Monday, April 23, 2012

China's Hunger for U.S. Breeding Stock

This weekend I met a dairy farmer that derives part of his farm income from selling embryos from his high quality breeding stock. That by itself is not unusual in the dairy industry, but what he told me next is. He sells the embryos to buyers in China.

That is remarkable. Many United States' dairy farms have spent generations developing the world’s most efficient milking cows. China currently bans the importation of live cattle from the U.S., which is why embryos are shipped across the Pacific Ocean to start new herds in China.



Things are different with poultry and swine. Live breeder chicks and breeder hogs are shipped from U.S. farms to Chinese farms, where their improved genetics dramatically increases production. The New York Times recently explained that China’s demand for U.S. breeding stock has become insatiable:
In a country where pork is a staple, the demand for a protein-rich diet is growing faster than Chinese farmers can keep up. While Americans have cut back on meat consumption to the lowest level seen in two decades, Chinese consumers eat 10 percent more meat than they did five years ago.

China’s solution: to increase its supply by buying millions of live animals raised by American farmers as breeding stock, and capitalizing on decades of cutting-edge U.S. agricultural research.

By taking this step, breeders and exporters say, China will move from backyard farms to Western-style large, consolidated operations to keep up with demand. 
Continue Reading: From the U.S., a Future Supply of Livestock for China. The New York Times estimates worldwide, the United States exported a record $664 million worth of breeding stock to China in 2011.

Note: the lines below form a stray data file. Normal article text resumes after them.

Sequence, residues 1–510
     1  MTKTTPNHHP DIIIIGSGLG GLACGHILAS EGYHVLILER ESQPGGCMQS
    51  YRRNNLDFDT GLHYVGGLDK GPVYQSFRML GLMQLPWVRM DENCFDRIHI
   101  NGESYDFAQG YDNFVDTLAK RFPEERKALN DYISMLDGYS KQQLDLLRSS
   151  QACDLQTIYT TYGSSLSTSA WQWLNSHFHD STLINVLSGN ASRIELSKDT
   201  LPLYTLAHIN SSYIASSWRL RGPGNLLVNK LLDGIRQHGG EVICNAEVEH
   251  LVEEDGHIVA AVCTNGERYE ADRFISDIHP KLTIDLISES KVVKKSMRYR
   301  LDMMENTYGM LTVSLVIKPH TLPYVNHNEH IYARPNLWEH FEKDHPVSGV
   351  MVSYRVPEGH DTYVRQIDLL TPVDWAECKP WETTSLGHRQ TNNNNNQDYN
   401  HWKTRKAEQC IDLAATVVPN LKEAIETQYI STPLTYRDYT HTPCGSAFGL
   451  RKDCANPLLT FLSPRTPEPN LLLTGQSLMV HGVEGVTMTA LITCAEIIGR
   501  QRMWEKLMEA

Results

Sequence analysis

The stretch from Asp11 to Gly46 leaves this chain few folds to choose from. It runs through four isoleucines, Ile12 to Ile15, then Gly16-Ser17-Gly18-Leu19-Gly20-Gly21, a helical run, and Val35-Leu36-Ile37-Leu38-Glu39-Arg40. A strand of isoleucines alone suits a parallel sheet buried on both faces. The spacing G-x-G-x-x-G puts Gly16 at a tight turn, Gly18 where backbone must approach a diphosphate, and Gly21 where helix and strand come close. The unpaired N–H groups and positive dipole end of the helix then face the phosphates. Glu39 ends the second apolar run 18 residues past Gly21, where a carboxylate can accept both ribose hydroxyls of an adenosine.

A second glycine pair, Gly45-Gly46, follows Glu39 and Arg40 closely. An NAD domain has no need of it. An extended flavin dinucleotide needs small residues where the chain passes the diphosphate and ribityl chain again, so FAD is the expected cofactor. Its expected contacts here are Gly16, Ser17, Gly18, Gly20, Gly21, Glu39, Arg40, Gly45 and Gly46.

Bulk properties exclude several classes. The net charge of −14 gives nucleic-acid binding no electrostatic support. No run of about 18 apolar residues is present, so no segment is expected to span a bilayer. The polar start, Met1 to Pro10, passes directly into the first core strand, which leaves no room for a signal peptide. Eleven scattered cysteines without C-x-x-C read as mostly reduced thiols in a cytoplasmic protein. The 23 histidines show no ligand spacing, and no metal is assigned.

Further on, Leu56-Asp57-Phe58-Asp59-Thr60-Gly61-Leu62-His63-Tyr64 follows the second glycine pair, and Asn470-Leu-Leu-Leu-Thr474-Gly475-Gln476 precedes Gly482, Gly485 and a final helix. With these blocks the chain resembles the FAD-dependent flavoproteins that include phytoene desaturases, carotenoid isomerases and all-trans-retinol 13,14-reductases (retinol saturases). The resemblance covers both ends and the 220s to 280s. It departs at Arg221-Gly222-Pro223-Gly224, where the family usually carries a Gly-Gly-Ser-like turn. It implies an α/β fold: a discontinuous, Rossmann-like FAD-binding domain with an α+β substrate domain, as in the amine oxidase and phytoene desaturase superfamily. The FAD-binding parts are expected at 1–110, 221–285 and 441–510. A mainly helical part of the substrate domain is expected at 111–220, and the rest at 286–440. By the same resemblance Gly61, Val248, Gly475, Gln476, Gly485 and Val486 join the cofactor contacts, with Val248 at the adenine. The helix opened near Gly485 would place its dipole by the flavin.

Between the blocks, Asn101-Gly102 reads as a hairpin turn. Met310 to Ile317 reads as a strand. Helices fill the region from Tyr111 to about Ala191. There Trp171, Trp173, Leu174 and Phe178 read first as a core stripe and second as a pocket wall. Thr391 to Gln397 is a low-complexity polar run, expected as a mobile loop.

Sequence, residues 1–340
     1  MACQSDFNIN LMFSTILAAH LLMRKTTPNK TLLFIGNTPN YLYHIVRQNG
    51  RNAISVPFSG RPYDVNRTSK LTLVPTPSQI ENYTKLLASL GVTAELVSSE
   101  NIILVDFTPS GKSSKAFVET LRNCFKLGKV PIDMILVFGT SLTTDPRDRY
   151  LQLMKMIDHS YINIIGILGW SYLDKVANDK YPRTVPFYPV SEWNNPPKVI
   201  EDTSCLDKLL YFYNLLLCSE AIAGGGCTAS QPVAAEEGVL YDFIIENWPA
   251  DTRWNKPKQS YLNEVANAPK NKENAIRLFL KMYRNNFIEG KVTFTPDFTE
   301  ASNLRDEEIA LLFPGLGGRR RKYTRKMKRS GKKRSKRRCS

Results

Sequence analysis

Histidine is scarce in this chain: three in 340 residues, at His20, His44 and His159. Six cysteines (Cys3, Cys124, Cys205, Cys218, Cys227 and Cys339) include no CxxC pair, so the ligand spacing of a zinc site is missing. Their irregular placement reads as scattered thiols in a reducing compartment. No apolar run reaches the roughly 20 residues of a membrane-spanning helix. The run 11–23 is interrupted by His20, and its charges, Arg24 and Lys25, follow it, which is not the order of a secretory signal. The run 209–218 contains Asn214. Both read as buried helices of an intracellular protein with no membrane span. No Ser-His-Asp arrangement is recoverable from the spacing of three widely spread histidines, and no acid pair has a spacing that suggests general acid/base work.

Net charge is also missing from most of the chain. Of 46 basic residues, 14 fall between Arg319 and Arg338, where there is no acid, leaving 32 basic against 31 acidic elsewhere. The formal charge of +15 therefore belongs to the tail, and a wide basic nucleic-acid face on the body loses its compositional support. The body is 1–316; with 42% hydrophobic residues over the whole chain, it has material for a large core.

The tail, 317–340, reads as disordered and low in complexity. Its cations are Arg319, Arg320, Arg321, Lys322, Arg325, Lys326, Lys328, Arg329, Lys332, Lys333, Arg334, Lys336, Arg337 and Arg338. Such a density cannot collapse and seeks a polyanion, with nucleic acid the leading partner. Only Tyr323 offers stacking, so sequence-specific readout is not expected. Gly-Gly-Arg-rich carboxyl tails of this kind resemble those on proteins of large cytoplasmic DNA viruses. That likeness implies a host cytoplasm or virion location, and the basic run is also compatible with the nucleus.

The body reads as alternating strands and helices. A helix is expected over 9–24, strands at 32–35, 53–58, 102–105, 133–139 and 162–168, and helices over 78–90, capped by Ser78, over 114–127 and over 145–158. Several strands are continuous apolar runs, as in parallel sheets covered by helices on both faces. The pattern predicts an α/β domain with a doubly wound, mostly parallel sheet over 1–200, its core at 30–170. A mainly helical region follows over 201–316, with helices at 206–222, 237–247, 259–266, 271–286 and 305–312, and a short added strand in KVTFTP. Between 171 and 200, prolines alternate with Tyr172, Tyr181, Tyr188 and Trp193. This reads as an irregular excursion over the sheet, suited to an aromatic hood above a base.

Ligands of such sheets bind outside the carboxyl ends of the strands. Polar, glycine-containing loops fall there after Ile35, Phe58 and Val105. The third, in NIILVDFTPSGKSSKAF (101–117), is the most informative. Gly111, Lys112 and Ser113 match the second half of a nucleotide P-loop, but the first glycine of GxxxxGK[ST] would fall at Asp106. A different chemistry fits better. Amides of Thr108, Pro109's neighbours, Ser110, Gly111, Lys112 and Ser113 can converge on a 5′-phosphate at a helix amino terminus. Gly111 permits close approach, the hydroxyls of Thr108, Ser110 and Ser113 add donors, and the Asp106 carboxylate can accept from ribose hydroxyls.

United States' corn and soybean growers have already benefited from Chinese imports but stand to gain even more. The Times points out that a “more efficient livestock sector in China would cause a major shift in the global market, particularly for grain demand.” Just last week the price of soybeans jumped 28.5 cents in one day on rumors that China would increase its buying this year.

It’s hard to believe that soybeans planted in rural Indiana will make their way down the Ohio and Mississippi rivers, through the Panama canal, across the Pacific Ocean, and into China, where they will be fed to U.S.-bred hogs, poultry, and cattle. If imitation is the sincerest form of flattery, the U.S. has developed the most efficient agricultural production system in the world. It certainly puts the “local food” movement in perspective.

2 comments:

  1. Each of these excess stock buyers has different objectives and motivations.

    ReplyDelete
  2. We'll buy your excess stock! We also buy company liquidation and overstocks

    ReplyDelete

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